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NC Budget and Tax Center

State policymakers return to Raleigh tomorrow challenged with addressing a budget gap of $335 million for the current fiscal year as a result of a huge forecasted revenue shortfall for the current fiscal year and a Medicaid shortfall. Next year, state policymakers face a budget gap of around $228 million, which could reach as high as $637 million based on higher costs estimated from the personal income tax changes.

In the face of underperforming revenue, today the General Assembly’s Revenue Laws Committee voted favorably to pursue changing an arcane tax policy that would FURTHER reduce annual revenue by $10 million next year, FY 2015, and by more than $23 million for FY 2016.

In pursuit of ultimately shifting to a single sales factor apportionment formula, today the Revenue Laws Committee voted to give greater weight to the sales component in determining the amount of state income taxes paid by corporations. The state’s current tax system uses a formula that considers a corporation’s property, payroll, and sales in North Carolina. The tax change would give two-thirds weight to the sales component.

This tax change would create winners and losers. Around 3,000 corporations would see their taxes decrease under the tax change while around 6,000 corporations would see their taxes increase, according to analysis by the General Assembly’s Fiscal Research Division.

Proponents of this tax change claim that doing so will improve the state’s business climate by making expansion of property and payroll in the state more attractive to businesses. Other states that have adopted an SSF formula based on this premise have not seen this happen, however, and there is no reason to believe that North Carolina will experience a different outcome.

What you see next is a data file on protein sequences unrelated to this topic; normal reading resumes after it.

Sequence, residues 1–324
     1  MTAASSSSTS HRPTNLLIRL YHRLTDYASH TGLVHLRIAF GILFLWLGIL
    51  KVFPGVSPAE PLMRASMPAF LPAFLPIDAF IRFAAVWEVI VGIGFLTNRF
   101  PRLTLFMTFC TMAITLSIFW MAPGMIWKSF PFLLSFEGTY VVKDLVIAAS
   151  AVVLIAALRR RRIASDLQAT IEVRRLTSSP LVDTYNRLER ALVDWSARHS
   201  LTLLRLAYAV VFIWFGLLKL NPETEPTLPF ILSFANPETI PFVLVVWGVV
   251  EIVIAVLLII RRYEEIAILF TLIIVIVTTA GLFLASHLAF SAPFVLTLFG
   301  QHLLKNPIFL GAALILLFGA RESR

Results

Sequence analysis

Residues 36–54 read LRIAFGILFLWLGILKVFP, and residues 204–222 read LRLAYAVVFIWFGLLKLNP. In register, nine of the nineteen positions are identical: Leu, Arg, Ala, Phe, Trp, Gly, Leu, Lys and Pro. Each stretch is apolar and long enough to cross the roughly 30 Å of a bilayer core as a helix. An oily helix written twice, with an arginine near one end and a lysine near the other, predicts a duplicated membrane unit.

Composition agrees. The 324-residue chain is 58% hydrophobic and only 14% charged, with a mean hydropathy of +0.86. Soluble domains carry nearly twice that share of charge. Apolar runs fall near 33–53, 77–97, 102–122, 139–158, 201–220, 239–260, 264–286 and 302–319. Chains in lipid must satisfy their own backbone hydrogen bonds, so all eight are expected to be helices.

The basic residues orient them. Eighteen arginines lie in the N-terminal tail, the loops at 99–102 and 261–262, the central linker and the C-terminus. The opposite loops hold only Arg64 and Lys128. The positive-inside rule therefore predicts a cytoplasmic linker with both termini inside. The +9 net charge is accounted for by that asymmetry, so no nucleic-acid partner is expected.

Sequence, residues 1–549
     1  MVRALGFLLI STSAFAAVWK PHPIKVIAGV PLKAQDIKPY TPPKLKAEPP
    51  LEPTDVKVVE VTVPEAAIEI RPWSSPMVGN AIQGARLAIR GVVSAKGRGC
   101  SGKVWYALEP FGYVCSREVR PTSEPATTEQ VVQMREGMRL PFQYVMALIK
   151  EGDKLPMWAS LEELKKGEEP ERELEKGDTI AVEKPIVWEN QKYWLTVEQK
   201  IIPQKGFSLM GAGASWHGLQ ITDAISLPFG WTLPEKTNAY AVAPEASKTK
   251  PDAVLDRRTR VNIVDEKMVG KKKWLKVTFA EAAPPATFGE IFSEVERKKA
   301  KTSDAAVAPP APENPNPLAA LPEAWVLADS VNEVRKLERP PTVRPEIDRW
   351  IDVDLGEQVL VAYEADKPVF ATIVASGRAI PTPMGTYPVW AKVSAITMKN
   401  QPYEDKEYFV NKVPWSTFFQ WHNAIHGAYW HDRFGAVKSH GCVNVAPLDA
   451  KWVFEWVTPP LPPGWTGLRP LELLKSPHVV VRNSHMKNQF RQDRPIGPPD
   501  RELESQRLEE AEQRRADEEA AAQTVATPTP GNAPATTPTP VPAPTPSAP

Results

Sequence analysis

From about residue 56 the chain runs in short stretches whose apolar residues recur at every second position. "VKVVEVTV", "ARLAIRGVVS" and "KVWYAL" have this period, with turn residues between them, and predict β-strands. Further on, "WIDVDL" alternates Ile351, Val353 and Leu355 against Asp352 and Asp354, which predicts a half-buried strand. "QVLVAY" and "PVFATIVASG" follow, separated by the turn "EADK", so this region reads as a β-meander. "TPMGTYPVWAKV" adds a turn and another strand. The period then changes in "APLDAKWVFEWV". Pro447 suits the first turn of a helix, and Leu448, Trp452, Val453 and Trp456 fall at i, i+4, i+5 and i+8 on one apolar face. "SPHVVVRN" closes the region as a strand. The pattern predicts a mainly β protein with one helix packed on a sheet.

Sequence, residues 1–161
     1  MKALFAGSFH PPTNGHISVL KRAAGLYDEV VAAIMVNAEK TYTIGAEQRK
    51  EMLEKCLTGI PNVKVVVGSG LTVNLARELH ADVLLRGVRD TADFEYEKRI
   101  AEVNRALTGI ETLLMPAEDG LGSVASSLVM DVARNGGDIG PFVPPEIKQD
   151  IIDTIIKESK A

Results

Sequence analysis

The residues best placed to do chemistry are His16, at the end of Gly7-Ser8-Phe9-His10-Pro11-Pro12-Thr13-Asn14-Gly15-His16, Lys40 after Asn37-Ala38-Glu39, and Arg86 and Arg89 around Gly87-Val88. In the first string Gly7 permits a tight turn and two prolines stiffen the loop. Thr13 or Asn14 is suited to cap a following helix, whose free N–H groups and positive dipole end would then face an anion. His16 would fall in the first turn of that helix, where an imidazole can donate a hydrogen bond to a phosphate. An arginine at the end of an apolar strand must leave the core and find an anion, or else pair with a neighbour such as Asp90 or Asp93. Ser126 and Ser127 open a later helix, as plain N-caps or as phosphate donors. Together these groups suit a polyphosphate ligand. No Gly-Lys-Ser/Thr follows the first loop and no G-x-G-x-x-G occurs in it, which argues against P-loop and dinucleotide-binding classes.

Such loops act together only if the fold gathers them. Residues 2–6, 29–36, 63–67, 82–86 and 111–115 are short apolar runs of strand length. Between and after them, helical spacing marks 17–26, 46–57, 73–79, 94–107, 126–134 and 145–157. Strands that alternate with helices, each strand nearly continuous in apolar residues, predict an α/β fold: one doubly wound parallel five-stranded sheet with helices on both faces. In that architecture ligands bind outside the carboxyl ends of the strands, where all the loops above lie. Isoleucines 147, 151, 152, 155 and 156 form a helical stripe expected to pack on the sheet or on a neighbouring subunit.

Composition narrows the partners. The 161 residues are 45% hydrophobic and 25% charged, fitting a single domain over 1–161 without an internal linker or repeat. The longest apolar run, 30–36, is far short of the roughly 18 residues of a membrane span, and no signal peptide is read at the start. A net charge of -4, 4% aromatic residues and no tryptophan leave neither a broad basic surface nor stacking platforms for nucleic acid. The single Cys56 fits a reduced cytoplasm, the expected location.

Furthermore, reducing the amount of revenue available for public investment will make the self-imposed budget challenge resulting from the tax plan passed last year worse. And everyone will pay the price because this will require further reductions to investments in educating our children, maintaining our infrastructure and protecting the safety and well-being of North Carolina families—investments that are needed to support a strong economy.

NC Budget and Tax Center

The revised revenue forecast released today demonstrates how important the income tax is to our state’s ability to make investments that boost our economy. As legislators begin building the next state budget, they should protect the income tax, not scale it back or eliminate it as some have proposed.

The revenue forecast indicates that tax collections since the beginning of 2013 are on target to pay for critical services included in the Fiscal Year 2012-13 budget, thanks to the revenue generated by the personal income tax. The personal income tax has been the most consistent source of revenue to pay for education, transportation, and public safety in North Carolina, and recovered quickly after the Great Recession, according to the report released today by the non-partisan Fiscal Research Division.

Sales taxes have not rebounded nearly as well because consumer demand continues to be weighed down by economic concerns, including the state’s high unemployment rate. Read More

NC Budget and Tax Center

Earlier this month, North Carolina legislators began the months-long process of developing the two-year state budget that covers July 1, 2013 through June 30, 2015. To kick-off this endeavor, non-partisan staffers have been providing members with an overview of current fiscal conditions as well as past legislative budget actions. Perhaps the most important presentation to date centered on the revenue forecast, which sets the stage for legislators to begin building the next state budget.

Projections from the non-partisan Fiscal Research Division indicate that General Fund revenue collections are on target as of the end of December for FY2012-13. North Carolina’s economy has made improvements over the last fiscal year but continues to lag behind the nation across several economic indicators. And although the state does not face an imminent budget crisis—largely due to a tremendously diminished baseline—the forecast implies that we are not completely out of the woods. Read More